"Thanks." Kennedy slowly made her way down the indicated hall. The sharp medicinal odor that hung in the corridor assaulted her senses and her nose wrinkled in defense. Her loafers tapped quietly on the linoleum floor, and the dry air from vents high on the wall chilled her skin, causing her to shiver.
She made the final turn and moved cat-like toward tall double doors under a lighted sign that read "ICU." She pushed through the doors and walked from window to window, reading the patient names that were posted inside each one against the glass. The last one on the wing bore the name "Moore, A." Oh yeah, his name's Anthony.
She stopped, studying the sleeping figure in the bed. Tony's chest rose and fell evenly, an oxygen line feeding from a tank to his nostrils. An IV hung from an overhead frame, clear liquid dripping into his left arm. Several electrodes were attached to his chest area, and a heart monitor's light blipped in a steady rhythm next to the bed. He was resting in a slightly elevated position, a light blanket covering him up to his chest.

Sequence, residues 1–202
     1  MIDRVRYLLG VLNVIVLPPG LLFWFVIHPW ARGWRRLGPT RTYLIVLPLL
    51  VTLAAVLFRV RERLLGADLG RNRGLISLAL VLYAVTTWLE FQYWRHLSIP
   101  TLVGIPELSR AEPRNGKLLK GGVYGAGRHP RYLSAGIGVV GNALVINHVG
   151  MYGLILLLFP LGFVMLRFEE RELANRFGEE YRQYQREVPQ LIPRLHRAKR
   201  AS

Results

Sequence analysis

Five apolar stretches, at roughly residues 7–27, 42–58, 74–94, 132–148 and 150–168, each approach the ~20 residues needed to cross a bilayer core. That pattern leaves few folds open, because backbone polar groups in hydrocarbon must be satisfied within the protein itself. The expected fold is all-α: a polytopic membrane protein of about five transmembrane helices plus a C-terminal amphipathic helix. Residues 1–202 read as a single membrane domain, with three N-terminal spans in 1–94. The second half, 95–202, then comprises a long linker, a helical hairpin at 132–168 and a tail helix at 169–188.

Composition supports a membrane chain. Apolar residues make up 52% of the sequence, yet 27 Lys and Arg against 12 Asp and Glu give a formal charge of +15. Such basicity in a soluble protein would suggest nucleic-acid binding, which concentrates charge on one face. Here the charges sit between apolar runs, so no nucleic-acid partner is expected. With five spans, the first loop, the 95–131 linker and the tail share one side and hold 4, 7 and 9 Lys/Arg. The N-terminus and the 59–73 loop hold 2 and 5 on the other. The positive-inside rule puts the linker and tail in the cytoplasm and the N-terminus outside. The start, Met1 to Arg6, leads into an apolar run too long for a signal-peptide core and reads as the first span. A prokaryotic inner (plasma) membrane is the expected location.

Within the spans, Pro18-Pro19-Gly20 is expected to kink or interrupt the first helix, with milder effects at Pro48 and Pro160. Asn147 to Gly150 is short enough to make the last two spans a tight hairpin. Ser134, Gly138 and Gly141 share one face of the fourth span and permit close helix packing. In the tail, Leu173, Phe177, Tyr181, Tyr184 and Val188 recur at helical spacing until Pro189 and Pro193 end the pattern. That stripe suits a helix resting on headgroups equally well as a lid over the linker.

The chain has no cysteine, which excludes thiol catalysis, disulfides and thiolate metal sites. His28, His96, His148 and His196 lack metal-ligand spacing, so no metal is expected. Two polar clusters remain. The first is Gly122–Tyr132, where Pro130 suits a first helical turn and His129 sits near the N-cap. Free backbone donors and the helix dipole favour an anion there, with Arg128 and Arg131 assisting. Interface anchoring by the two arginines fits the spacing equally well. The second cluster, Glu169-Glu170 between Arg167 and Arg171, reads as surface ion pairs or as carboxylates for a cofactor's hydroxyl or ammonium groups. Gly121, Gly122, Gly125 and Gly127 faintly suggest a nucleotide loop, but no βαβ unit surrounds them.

Great. Now what do I do? She looked around, spying a sign indicating that a lounge area was around the corner. She followed its red arrow and pulled up short. A woman with blonde hair was curled up on the couch, two little blonde girls tucked tightly against her. All three of them were asleep, the soft sound of toddler snoring reaching her sensitive ears. Tony's wife and kids. They have to be.
She looked at the scene before her. If not for the circumstances, it would have been one of blissful tranquility. For the first time, the man back in the bed became human to her. This was a family that was about to be ripped apart. Even worse than it already was. You stupid bastard. You have this, and you threw it all away. If Carson and I ever have kids, I'd protect them with my life.